• Skin Care: Coconut oil is a safe moisturiser that increases skin hydration, suitable for babies and adults. It prevents pigmentation, lightens wounds, and maintains youthful, flawless skin.
      5. Medicinal Benefits:
      • Antimicrobial Properties: Cold-pressed coconut oil, rich in medium-chain fatty acids (MCFAs), exhibits antimicrobial activity, combating bacterial and fungal growth.
      • Anti-Inflammatory Effects: Compounds like polyphenols and lauric acid in cold-pressed oil may help mitigate inflammation in the body.
      • Wound Healing: Topical application promotes faster healing due to increased collagen production, with antibacterial and antifungal properties reducing infection risks.

        6. Weight Management:

        Medium-chain triglycerides (MCTs) in cold-pressed coconut oil may promote fat oxidation, reduce body weight, increase metabolic rate, and create a sense of satiety, leading to lower calorie intake.

        7. Heart Health:

        Regular consumption of cold-pressed oil can improve cardiovascular health by enhancing lipid profiles, boosting HDL (good cholesterol), and reducing LDL (bad cholesterol).

          How to Identify a High-Quality Coconut Oil?

          Identifying high-quality coconut oil is crucial for reaping its full nutritional and therapeutic benefits. With the plethora of brands offering numerous benefits, navigating the market for coconut hair oil can be overwhelming. We have broken down a few key aspects that you must keep in mind while choosing a coconut oil that fits your requirements. 

            1. Types of coconut oils
            2. Nutritional profile
            3. Oxidative stability
            4. Absence of trans fat
            5. Blending of the oil
            6. Presence of preservatives
            7. Artificial perfume
            8. Freshness of the oil
            9. Multipurpose or single-purpose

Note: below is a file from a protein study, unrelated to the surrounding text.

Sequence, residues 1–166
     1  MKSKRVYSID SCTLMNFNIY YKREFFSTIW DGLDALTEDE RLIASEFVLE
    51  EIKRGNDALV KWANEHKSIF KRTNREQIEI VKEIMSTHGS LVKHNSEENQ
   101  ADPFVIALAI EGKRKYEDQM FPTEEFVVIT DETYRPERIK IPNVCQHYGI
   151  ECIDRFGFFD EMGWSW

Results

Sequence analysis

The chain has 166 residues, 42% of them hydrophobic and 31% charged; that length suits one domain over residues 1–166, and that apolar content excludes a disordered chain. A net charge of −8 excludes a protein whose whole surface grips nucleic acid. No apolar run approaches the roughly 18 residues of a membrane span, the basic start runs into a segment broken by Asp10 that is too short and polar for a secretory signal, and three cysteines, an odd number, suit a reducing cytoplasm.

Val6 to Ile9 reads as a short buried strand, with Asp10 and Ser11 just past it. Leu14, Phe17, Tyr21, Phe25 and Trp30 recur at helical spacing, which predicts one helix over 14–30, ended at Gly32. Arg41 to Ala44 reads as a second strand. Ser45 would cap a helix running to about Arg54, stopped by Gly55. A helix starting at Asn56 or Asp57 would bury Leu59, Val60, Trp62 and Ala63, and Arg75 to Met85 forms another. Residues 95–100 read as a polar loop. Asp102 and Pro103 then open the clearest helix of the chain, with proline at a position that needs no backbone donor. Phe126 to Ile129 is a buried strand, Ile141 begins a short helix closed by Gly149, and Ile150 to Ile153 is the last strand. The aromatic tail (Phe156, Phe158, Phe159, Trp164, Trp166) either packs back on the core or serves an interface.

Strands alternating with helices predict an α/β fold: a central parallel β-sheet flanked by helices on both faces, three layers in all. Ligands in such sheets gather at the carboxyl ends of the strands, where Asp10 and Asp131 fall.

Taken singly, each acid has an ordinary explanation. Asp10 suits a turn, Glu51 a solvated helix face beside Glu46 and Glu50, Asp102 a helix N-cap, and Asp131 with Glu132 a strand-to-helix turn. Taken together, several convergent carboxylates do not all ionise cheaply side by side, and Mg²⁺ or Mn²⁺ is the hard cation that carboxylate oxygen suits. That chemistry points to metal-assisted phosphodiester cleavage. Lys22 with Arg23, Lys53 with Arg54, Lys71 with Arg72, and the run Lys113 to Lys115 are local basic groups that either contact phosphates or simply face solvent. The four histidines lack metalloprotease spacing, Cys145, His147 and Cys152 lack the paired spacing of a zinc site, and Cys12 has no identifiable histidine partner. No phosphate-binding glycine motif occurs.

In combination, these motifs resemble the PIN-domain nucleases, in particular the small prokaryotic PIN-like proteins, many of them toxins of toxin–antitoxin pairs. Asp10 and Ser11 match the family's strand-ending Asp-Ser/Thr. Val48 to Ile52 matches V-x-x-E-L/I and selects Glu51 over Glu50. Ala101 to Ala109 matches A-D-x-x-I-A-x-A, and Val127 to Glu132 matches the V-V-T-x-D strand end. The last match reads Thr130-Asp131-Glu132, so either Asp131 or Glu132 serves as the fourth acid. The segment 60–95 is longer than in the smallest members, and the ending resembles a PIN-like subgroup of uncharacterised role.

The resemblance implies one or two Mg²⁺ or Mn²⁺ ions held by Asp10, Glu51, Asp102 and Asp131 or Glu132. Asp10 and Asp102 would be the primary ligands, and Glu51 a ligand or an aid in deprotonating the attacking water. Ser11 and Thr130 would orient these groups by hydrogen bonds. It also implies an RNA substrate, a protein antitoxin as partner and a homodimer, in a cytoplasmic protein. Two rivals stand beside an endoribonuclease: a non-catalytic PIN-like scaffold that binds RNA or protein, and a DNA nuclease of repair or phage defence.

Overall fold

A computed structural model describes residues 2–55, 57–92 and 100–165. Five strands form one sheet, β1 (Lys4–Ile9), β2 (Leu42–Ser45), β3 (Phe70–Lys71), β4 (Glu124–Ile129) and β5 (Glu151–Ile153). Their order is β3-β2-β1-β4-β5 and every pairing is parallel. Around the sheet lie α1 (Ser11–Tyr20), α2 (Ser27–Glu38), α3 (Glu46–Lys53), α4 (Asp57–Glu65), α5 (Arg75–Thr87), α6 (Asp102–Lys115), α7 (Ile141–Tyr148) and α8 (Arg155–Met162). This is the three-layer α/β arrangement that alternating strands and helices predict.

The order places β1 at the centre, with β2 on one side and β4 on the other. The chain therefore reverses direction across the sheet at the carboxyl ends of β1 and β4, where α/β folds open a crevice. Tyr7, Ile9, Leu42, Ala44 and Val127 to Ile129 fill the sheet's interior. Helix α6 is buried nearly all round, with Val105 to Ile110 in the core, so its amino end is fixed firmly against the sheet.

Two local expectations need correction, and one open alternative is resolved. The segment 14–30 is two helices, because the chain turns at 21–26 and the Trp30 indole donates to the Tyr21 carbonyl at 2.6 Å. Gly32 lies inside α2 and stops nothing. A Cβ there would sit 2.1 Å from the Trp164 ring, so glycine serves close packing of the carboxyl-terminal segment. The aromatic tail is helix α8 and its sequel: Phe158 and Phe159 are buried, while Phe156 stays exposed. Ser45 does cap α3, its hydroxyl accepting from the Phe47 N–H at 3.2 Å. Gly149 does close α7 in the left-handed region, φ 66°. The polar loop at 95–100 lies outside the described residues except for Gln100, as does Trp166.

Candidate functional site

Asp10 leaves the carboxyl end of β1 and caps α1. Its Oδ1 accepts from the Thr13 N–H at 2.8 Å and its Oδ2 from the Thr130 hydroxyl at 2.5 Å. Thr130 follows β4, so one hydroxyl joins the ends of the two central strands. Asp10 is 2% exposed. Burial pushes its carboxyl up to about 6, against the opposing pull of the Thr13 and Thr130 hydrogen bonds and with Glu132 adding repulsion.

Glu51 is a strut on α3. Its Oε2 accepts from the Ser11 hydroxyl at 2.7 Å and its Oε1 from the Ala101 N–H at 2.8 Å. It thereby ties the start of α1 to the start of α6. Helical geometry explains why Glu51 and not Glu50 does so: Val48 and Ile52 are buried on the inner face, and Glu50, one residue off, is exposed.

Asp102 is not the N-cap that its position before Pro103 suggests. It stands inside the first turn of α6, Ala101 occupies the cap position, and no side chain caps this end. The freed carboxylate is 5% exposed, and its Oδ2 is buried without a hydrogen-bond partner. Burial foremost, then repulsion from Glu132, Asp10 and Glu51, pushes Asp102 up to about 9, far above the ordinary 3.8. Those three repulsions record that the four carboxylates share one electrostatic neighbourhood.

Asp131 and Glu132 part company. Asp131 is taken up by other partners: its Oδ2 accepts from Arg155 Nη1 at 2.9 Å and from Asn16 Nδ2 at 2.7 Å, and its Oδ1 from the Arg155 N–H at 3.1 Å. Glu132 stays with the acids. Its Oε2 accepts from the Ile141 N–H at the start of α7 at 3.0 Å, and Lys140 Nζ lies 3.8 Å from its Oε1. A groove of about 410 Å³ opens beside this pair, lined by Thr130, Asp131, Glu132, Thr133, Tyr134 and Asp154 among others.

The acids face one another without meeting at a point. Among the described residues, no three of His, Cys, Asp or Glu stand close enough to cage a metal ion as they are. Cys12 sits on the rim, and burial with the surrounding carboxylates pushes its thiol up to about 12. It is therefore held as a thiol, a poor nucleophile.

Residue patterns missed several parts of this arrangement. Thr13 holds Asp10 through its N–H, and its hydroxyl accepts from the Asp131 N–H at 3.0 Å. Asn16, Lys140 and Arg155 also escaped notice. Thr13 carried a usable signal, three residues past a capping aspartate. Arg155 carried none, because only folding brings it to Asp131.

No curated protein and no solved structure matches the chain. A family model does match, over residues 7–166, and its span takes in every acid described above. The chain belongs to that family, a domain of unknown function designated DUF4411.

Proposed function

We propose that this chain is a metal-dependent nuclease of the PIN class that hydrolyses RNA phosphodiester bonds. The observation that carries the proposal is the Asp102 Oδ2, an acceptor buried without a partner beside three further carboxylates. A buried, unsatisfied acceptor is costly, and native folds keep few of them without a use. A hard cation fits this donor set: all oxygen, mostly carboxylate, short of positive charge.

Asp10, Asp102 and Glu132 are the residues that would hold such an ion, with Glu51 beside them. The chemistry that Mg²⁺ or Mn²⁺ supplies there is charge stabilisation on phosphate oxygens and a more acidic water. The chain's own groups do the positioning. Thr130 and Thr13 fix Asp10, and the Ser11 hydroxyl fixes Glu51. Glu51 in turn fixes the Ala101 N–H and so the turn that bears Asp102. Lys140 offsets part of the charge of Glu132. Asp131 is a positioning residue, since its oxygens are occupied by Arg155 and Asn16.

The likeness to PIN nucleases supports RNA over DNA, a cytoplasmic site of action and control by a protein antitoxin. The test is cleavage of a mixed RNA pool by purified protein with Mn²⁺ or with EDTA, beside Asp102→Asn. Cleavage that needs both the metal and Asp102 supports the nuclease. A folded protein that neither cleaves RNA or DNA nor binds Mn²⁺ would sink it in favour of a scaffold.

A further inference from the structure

10. Packaging material
            11. Source or origin

          Why is cold pressed coconut oil superior?

          I. Types of Coconut Oils

          There are many types of coconut oils available in the market. And it is important to understand the difference between these oils. The most important differentiator is the extraction method employed to obtain the coconut oil as it significantly impacts the quality of the oil, influencing its flavour, nutritional content, and overall characteristics. Also, different types of extraction methods result in varied types of coconut oils. Each type of oil will have different nutritional values and is suited for different applications. 

          1. Virgin Coconut Oil (VCO):

          Virgin Coconut Oil is also called ‘raw, unrefined or cold pressed’ coconut oil. It is obtained from fresh coconut meat by mechanically pressing them usually on a traditional wooden (or stone) chekku/ghani and without the use of any toxic heat or chemical solvents. It is called ‘virgin’ mainly because it is ‘single pressed’ without repeated pressing of the seeds for extraction of additional oil. This makes it one of the highest-quality oil and is often ranked as “Grade A” oil. 

            • Virgin coconut oil or cold-pressed coconut oil is naturally sedimented for a couple of days before it is filtered by a cheese cloth and packed in a glass bottle. This method preserves the natural integrity of the oil yielding a fresh & aromatic oil. 
            • The minimal application of heat during extraction also helps preserve the oil's original flavour, aroma, and nutritional content, including medium-chain fatty acids (MCFAs) like lauric acid, phytonutrients, antioxidants, and beneficial compounds. 
            • It is usually multipurpose and can be used for cooking, massages and even cosmetic use. 

            2. Extra Virgin Coconut Oil:

            Extra Virgin Coconut Oil is extracted from fresh coconut milk. It is often cited as a higher quality oil, even more than ‘virgin coconut oil’. The extraction of this oil is very different and it comes from coconut milk instead of coconut kernels. Fresh coconut milk is, at first, extracted by the grinding of coconut pieces together and sieving the milk through a cheesecloth. The oil can be obtained from the milk via two methods:

              • Cold Pressed: In the cold-pressed extraction method - the extracted coconut milk is introduced into a centrifugal machine. The rapid spinning of the machine separates the coconut oil from the milk. This is due to the centrifugal force generated by the machine. Once the oil has separated, it is naturally sedimented and filtered carefully to obtain pure and pristine coconut oil.